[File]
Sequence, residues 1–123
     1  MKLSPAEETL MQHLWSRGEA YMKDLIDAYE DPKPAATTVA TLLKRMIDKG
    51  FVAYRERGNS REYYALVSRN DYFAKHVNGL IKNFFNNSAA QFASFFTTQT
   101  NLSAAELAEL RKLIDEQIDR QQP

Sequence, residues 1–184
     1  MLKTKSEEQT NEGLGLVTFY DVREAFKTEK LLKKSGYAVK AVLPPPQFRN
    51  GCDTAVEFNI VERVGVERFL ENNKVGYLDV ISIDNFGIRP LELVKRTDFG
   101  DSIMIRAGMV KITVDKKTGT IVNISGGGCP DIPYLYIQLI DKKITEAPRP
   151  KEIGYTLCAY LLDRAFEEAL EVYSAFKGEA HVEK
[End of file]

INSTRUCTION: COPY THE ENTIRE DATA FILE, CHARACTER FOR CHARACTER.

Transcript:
Sequence, residues 1–123
     1  MKLSPAEETL MQHLWSRGEA YMKDLIDAYE DPKPAATTVA TLLKRMIDKG
    51  FVAYRERGNS REYYALVSRN DYFAKHVNGL IKNFFNNSAA QFASFFTTQT
   101  NLSAAELAEL RKLIDEQIDR QQP

Sequence, residues 1–184
     1  MLKTKSEEQT NEGLGLVTFY DVREAFKTEK LLKKSGYAVK AVLPPPQFRN
    51  GCDTAVEFNI VERVGVERFL ENNKVGYLDV ISIDNFGIRP LELVKRTDFG
   101  DSIMIRAGMV KITVDKKTGT IVNISGGGCP DIPYLYIQLI DKKITEAPRP
   151  KEIGYTLCAY LLDRAFEEAL EVYSAFKGEA HVEK